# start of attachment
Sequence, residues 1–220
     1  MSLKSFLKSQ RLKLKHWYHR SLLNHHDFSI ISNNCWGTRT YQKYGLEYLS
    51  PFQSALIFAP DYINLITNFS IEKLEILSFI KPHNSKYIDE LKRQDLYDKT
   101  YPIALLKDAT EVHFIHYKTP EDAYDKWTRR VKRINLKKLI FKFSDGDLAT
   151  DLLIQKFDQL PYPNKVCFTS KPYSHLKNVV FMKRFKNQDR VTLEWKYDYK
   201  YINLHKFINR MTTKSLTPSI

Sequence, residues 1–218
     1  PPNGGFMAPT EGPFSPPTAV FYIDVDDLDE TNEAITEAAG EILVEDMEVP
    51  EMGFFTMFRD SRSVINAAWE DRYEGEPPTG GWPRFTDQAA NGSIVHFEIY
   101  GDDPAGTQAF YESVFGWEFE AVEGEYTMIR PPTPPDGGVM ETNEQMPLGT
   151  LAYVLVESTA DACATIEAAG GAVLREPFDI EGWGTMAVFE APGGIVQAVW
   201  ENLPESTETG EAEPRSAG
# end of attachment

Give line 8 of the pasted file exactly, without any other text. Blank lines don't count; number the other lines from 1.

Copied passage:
     1  PPNGGFMAPT EGPFSPPTAV FYIDVDDLDE TNEAITEAAG EILVEDMEVP